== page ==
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Thread: Pinion pines

  1. #1
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    Default Pinion pines

    Hey folks,
    I'm sick of not being able to get Pine Nuts in Idaho and/or
    having to pay high prices via the net. I used to harvest my
    own when I lived in Reno and understand why they cost so much.
    ( Nothing like being covered in sticky pine sap )

    Anyway, I'm thinking about an expedition into Nevada to
    satisfy my craving.

    Can anyone help with good places to find them in Northern Nevada?
    ( I read Wiki and understand the topography, I'm looking for GPS cords )
    ( If you have a secret location and don't want to 'fess, I understand )

    Any help would be greatly appreciated.

    Dan

  2. #2
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    Have you tried Winco? I think they have pine nuts in the bulk section.
    George
    Boise, ID

  3. #3
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    Quote Originally Posted by ghcoe View Post
    Have you tried Winco? I think they have pine nuts in the bulk section.
    Ya, that's where I used to buy them. They haven't stocked them in a couple of years ( meridian anyway )
    I need to check the other stores.

    Thanks,
    Dan

  4. #4
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    If I think about it when I am down at the downtown store I will check.
    George
    Boise, ID

  5. #5
    GaryB's Avatar
    GaryB is offline Rock Crawlin GPS Moving Map Totin Trailblazing Expert Ghost Towner
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    The problem is they are so temper-mental on the weather that one year they may be loaded on the trees and the next nothing. I came across some where we had little winter snow but lots of summer rain. But yet today while out elk hunting we went into an area that had the same weather season and nothing.

    I'd check with the BLM offices in Elko and Winnemucca, they might have a clue.

    I'll ask at work too, one of my co-workers daughters collects them and sells them in Pioche for $7.00 a 1/2 pound IIRC.
    "I have a .44 and a shovel, I'm sure no one's gonna miss you" - Virginia City, NV

    http://community.webshots.com/user/GBodell

  6. #6
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    Piņon pines are kind of rare in the northern section of Nevada around Winnemucca. Junipers are the predominate tree, that being in sections that haven't burned out in the past decade due to wildfires. Piņons are more dominate further south.

    As said by Gary, nut conditions very from one section of the forest to another in the same area.

    Growing up on the northern slopes of the San Bernardino Range (southernmost Mojave Desert) in the 1950s and 1960s, I used to love to go nutting. Or I'd eat them right from the tree while riding my motorcycle exploring every cow path from my house to Big Bear Lake. Continued after I moved to the eastern Sierra Nevada.

    Since I moved to near Winnemucca several years ago, I've found that starting about this time of the year, a Native American family from the Ely area comes to Winnemucca for several days to sell them. Prices are high, as expected. Last I bought some (two or three years ago?), price was $11 per pound.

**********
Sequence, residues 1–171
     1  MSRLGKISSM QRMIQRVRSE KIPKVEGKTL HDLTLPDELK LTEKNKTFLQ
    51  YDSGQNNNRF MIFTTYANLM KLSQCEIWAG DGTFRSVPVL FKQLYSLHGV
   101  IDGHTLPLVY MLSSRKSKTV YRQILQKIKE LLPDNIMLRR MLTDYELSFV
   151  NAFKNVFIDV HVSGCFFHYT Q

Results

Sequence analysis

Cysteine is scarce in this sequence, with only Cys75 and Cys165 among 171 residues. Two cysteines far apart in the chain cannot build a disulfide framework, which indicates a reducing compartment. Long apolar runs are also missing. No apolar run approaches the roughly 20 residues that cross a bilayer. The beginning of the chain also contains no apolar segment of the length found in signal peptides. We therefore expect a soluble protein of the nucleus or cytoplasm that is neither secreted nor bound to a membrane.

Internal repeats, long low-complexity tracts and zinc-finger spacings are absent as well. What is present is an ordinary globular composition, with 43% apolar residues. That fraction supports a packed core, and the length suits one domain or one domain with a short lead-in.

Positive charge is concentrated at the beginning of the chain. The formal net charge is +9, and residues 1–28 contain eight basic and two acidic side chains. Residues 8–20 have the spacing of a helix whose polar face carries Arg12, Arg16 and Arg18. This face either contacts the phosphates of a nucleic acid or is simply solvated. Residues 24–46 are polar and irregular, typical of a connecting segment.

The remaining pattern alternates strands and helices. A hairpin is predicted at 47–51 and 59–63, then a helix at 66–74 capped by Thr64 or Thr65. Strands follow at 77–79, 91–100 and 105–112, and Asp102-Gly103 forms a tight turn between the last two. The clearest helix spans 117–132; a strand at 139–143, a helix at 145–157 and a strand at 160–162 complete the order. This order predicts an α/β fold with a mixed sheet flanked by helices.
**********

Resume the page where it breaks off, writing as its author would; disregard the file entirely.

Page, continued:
David A. Wright
    Quote: "Happy Trails To You, Until We Meet Again!"

  7. #7
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    [QUOTE=Since I moved to near Winnemucca several years ago, I've found that starting about this time of the year, a Native American family from the Ely area comes to Winnemucca for several days to sell them. Prices are high, as expected. Last I bought some (two or three years ago?), price was $11 per pound.[/QUOTE]

    Funny you should say that. I was camping in southern Idaho this weekend. It rained and the wind blew relentlessly. I decided to treat my wife and daughters to a buffet and
    hotel room, so we pressed on into Elko. I asked around as to where to find pine nuts. The best answer was "You need to see the nut guy who hangs out at the gas station
    by the Gold Dust West." I thought, cool, now we're getting somewhere.

    Unfortunately, he wasn't there today. Oh well..... ( banging head )

    Thanks David, I appreciate it.
    Dan

  8. #8
    GaryB's Avatar
    GaryB is offline Rock Crawlin GPS Moving Map Totin Trailblazing Expert Ghost Towner
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    Around here we have hoards of Hispanics collecting them. Back in the day it was Native Americans. Hopefully the Natives are out sourcing the work now But I'd assume it's some company using cheap labor. They also collect the Juniper berries when they come out too.
    "I have a .44 and a shovel, I'm sure no one's gonna miss you" - Virginia City, NV

    http://community.webshots.com/user/GBodell

  9. #9
    GaryB's Avatar
    GaryB is offline Rock Crawlin GPS Moving Map Totin Trailblazing Expert Ghost Towner
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    BTW they are selling for $14 a pound around here. Not sure what the going rate is.
    "I have a .44 and a shovel, I'm sure no one's gonna miss you" - Virginia City, NV

    http://community.webshots.com/user/GBodell

  10. #10
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    On the way home from work yesterday, I spotted the nut sales crew - in this case a kid posted by one of the restaraunts with a folding table and chair, and a couple of plywood signs (they usually place several people at various locations in town). It was too late to stop when I spotted him, I didn't have any cash, and I was planning on running home, grabbing my shotgun and heading to a buddy's house to pick him up to go chukar hunting (we have our priorities, you know ... ).
    David A. Wright
    Quote: "Happy Trails To You, Until We Meet Again!"

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